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Financial planners want to offer credit advice

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Reporter 6 minute read

The Financial Planning Association has backed calls for financial planners to provide credit advice, but it said that changes need to be made to ensure that the sector is not “tainted” by the issues associated with brokers.

In its response to the Productivity Commission’s (PC) draft report findings and recommendations concerning the broking industry’s effect on competition in the financial services sector, the Financial Planning Association (FPA) outlined its support for measures that would broaden the scope of financial advice, allowing financial planners to provide customers with credit advice.

The FPA has also called for reforms that would enable financial planners to provide credit advice under the Australian Financial Services Licence (AFSL), bypassing requirements for an Australian Credit License (ACL).

In its submission to the PC, the FPA recommended that financial planners be permitted to provide advice on:

  • credit matters, including recommending credit products
  • credit products under their AFSL and not required to also hold a credit licence
  • all credit products as long as the planner is appropriately authorised under an AFSL, accredited and competent to provide financial advice on the relevant class of credit product

Disparity in standards

However, the association has called for a number of changes to be implemented before these offerings could be rolled out.

The FPA submission reads: “While the FPA supports the intent of the Commission’s recommendation to expand the scope of financial advice to include credit products, and the consumer benefits this would deliver, consideration should be given to the following concerns associated with this proposal:

  • The disparity in the standards required of financial planners versus mortgage brokers puts financial planners at risk of being associated with and tainted by the issues that still exist for mortgage brokers.
  • The difference between the consumer protection mechanisms for financial advice in the Corporations Act versus those in the National Credit Act.
  • These vastly different regulatory regimes mean that it is significantly more expensive to provide financial advice to clients than it is to provide mortgage broking services. This puts into question clients’ willingness to pay for credit advice from a financial planner versus brokerage services from a mortgage broker, and how this cost disparity will be positioned in the market by its participants.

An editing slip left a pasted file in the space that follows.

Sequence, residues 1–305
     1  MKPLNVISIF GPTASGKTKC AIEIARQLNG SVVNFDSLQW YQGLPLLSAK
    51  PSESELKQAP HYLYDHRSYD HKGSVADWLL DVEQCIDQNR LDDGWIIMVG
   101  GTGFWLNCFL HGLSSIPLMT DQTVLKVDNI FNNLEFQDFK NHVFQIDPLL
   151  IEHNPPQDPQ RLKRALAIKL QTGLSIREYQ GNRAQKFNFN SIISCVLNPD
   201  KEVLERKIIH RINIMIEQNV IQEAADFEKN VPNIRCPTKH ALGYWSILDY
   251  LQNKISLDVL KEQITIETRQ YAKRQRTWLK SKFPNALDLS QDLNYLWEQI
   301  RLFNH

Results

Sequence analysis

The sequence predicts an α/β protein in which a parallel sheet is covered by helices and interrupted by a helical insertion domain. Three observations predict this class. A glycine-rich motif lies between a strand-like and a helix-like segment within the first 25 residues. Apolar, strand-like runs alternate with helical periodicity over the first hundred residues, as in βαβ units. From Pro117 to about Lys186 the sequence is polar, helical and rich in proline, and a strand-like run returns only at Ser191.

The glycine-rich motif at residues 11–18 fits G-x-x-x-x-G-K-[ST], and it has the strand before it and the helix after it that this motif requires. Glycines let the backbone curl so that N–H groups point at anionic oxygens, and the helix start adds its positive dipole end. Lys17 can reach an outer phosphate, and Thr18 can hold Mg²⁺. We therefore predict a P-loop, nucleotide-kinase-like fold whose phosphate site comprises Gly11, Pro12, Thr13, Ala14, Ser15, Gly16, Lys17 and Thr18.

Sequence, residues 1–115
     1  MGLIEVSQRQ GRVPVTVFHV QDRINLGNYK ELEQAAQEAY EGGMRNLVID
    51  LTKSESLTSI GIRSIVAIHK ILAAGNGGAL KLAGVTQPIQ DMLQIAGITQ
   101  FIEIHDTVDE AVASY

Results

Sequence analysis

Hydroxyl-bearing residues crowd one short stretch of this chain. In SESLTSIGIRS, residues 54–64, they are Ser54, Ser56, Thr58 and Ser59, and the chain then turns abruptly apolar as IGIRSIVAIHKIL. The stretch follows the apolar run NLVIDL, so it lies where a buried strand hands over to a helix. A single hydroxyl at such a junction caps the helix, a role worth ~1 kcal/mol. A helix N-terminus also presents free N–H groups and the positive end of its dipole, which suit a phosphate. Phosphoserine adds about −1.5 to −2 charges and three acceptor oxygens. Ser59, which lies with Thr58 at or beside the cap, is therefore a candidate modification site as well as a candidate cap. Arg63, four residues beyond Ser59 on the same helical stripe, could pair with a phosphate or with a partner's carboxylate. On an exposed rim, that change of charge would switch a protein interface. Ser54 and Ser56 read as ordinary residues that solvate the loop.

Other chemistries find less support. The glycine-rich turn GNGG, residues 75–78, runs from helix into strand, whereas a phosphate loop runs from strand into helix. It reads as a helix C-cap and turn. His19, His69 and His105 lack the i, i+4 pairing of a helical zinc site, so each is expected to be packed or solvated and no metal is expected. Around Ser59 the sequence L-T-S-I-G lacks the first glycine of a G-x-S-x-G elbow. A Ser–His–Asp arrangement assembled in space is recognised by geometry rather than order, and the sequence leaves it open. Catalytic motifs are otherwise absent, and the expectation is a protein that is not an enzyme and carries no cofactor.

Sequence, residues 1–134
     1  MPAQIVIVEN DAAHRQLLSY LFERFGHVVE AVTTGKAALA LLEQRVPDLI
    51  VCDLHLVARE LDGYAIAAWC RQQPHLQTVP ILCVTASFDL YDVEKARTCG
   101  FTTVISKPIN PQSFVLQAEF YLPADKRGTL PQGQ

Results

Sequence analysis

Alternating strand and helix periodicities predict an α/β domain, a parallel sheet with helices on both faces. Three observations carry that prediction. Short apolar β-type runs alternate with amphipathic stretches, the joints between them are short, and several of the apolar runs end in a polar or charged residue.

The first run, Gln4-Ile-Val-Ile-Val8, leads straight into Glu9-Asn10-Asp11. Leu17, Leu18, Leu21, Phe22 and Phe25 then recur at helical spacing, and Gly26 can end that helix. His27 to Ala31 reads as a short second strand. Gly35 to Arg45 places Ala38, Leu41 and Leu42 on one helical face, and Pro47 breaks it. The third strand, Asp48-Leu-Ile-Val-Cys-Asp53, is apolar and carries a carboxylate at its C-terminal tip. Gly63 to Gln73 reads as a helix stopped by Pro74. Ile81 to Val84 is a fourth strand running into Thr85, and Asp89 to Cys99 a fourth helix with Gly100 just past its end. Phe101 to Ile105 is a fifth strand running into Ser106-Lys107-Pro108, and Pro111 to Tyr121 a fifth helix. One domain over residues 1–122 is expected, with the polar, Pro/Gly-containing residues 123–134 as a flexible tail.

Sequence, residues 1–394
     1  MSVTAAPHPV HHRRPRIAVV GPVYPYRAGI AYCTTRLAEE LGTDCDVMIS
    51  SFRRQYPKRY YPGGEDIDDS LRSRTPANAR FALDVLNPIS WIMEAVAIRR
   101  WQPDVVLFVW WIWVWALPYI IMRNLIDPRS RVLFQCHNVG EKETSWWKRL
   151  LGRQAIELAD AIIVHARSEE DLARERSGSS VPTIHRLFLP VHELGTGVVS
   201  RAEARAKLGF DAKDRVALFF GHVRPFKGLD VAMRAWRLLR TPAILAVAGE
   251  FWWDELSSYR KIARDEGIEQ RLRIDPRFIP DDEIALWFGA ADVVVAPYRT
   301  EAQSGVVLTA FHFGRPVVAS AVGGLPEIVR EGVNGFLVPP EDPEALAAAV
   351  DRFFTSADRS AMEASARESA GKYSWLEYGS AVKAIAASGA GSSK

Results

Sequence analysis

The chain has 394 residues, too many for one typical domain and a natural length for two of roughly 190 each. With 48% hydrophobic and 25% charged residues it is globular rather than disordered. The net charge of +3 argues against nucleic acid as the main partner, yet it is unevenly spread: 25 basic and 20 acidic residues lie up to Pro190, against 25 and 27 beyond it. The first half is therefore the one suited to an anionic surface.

• The current regulations restrict financial planners’ advice in this area; financial planners are currently only permitted to recommend a certain credit provider, not a specific credit product.

“These concerns present the risk of an inequitable market for financial planners.” 

The FPA has therefore called for a “level playing field” for financial planners and mortgage brokers, arguing for mortgage brokers to be subject to a best interests duty, as financial planners currently are.


The best interest obligation should apply to all mortgage brokers, the FPA said, not just lender-owned mortgage brokers (as suggested by the PC).

As well as a best interests duty, the FPA argued that a level playing field between brokers and financial planners would also require mortgage brokers to recommend a loan that is “appropriate for their client’s needs”. Currently, the legislation requires a broker to provide a loan that is “not unsuitable”.

Financial planners not needed in credit space: CBA

While the association has backed the move for financial planners to offer credit advice, many others have suggested it is unnecessary.

Appearing before the PC last month, the Commonwealth Bank’s (CBA) executive general manager of retail services, Angus Sullivan, argued that the mortgage needs of borrowers are currently well serviced by mortgage brokers.

“With 16,000 brokers out in the marketplace, we’re certainly not in a position where we need more people to serve Australians well in meeting their mortgage needs. For me, it’s certainly not a quantity issue,” the CBA executive said.

“I don’t think the industry is short of brokers, and I don’t think a move to bring planners into the credit space [is] necessary.”

Mr Sullivan noted that complexities surrounding mortgage advice would be difficult for financial planners to manage.

“It would be quite hard, in my experience, to find an individual who would be able to easily get across both domains,” Mr Sullivan added.

[Related: Financial planners not needed in credit space: CBA]

Financial planners want to offer credit advice
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